Employee motivation describes an employeeâs intrinsic enthusiasm about and drive to accomplish work. Every employee is motivated about something in his or her life. Enabling employee motivation in pursuit of work accomplishments is the challenge. Employee motivation is situational. Employee motivation depends upon the needs and wants that are intrinsic to the employee and the employeeâs expectations and needs from work. And, it is the interaction of these employee needs and wants with your company's values, employee practices and policies, your expectations of the employee, the quality of your leadership and supervision, the health of your industry, the competitiveness of the job market, and the economy, that enables employee motivation in your workplace - or not.
These variables make employee motivation challenging. What, in your experience, facilitates and makes possible employee motivation at work - or not?
- Our team just switched reporting relationships again. We go through this every few months. Today I learned that the new managers have a baseball rating system. They discuss each person's performance and call them baseball names, such as rookie, MVP, minor-leaguer. I've never been so insulted. I can't get out fast enough.
- —Guest Julie
Sr. Employee Relations Advisor
- This is a good article concerning retention. I am forwarding to home e-mail.
- —Guest Paula Hebert
- One week I am told that I am doing poorly at the same job I have had for five years based on a few customer complaints. The following week I will receive a phone call on customer service excellence. The managers don't talk to each other, how am I supposed to know if what I am doing is the correct thing this time around or not?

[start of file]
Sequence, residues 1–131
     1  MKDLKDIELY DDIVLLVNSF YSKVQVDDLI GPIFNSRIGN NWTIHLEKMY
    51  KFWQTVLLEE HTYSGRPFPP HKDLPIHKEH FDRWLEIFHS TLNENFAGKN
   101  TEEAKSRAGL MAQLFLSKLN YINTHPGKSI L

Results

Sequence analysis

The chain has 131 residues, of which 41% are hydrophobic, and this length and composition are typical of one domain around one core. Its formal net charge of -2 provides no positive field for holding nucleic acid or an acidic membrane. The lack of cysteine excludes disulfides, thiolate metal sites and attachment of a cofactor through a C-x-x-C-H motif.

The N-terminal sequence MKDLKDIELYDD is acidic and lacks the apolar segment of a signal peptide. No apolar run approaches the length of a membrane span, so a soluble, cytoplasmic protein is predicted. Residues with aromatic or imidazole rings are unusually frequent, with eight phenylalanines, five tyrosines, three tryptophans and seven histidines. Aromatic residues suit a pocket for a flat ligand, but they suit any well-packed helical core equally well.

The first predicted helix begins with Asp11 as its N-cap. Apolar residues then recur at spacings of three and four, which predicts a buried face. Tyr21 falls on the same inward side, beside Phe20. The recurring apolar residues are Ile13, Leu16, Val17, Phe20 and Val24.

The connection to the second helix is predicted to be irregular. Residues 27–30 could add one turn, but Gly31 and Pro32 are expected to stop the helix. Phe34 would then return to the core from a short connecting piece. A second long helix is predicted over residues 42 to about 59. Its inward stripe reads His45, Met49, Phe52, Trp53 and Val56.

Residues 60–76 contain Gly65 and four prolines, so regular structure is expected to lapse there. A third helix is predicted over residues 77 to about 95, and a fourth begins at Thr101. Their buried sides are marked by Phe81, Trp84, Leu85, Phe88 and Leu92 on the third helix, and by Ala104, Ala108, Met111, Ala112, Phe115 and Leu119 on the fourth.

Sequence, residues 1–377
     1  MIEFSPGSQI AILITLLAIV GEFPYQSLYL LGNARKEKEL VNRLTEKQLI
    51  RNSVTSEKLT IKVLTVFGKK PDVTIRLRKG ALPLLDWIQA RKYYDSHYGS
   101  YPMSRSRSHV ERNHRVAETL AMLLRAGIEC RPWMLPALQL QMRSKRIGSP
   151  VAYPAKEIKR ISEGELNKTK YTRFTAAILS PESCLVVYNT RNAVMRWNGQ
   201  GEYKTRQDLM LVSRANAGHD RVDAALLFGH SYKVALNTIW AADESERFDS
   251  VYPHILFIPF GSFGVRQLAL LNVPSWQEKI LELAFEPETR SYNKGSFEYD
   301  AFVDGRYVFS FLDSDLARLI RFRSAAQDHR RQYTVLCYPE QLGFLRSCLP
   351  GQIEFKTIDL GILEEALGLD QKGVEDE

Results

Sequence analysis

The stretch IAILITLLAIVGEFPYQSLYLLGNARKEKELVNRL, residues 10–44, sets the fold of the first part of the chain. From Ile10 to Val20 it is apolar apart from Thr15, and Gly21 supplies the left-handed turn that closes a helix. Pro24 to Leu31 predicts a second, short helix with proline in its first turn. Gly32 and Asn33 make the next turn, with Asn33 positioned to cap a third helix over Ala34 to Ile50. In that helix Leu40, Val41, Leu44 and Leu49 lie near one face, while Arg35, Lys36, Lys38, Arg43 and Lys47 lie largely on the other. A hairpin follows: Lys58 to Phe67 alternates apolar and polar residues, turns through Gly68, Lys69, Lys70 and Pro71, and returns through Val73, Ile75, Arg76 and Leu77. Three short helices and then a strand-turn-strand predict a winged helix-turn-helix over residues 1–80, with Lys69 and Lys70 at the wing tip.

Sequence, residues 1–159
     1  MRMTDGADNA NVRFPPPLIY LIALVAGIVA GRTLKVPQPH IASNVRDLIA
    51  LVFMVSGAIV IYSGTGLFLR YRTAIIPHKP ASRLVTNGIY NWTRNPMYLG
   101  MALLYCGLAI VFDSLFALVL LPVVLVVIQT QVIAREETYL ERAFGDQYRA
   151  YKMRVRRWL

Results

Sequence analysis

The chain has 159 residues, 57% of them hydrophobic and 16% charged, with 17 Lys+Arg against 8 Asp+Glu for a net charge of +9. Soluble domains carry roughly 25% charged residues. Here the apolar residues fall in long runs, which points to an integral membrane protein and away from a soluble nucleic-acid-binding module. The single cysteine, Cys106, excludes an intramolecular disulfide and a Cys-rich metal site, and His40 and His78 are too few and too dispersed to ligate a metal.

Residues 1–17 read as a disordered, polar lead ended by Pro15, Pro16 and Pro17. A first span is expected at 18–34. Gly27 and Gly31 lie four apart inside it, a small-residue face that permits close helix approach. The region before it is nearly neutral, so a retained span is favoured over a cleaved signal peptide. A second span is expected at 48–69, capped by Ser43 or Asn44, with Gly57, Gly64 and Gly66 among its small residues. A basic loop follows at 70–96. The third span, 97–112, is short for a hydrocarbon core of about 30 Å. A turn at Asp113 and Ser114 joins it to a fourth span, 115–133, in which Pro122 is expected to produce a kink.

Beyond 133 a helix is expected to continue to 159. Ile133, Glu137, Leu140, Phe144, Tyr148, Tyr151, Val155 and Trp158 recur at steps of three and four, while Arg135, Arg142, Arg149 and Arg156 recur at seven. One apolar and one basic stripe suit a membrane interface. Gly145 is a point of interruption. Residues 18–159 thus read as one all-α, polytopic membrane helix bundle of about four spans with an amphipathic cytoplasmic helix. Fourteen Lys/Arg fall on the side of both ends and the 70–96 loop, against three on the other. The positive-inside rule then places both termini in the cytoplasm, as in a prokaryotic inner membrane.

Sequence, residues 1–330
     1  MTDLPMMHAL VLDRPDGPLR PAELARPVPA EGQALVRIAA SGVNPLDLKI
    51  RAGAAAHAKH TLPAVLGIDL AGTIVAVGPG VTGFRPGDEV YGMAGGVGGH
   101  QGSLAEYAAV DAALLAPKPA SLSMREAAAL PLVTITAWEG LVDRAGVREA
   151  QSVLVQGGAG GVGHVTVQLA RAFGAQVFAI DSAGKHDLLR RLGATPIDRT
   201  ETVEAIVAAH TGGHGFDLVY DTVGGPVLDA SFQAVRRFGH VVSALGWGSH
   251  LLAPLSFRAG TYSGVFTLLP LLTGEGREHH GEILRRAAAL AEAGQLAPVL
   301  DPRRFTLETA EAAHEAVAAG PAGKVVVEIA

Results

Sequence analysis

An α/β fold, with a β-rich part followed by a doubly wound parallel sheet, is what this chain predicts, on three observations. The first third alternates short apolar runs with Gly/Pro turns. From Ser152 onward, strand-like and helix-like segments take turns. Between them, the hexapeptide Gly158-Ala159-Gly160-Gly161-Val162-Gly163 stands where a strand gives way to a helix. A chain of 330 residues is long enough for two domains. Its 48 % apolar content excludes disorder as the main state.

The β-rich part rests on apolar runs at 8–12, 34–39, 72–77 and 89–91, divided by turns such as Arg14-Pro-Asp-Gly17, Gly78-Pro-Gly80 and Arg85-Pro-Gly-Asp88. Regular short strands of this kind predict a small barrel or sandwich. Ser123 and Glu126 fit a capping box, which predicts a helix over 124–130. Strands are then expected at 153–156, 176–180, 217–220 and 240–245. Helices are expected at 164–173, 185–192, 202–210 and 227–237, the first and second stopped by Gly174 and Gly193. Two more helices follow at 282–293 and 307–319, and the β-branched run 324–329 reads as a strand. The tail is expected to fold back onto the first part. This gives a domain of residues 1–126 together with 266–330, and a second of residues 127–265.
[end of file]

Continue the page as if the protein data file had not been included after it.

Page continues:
- —Guest lily funk
- I hold that an ambience that guarantees equity, equal playing field to all, an assurance that merit, and not nepotism, will be the key factor for promotion is essential. That will encourage loyalty, committement and dedication.
- —Guest Dr.Y.P.Hathi
Divide and Rule
- I work in a sales operation where, as of late, a certain female who has been producing rather average performance has suddenly risen to the top of the charts. Her/ our manager has recently taken an intrest in her personal life to the point where her personal problems allow him to come to the rescue. She now has a key to his front door (he kicked out the old girlfriend) and as discreet as they want to play it, the results have suddenly 'tilted' what was once a level playing field. It's obvious that the rest of us on the sales staff will never get top bonus now that this is going on.
- Everything about motivation seems to depend on the manager. When the walk-about manager discovers during his "wardround" that some are doing their private jobs what should he/she do? Pat the employee on the back or invite the employee in for a "chat"? What manner of chat? "Tea or coffee" chat or what? And suppose this employee has friends at HR who always side with him/her on most issues?
- —Guest theodore ikpa
Having Work that Counts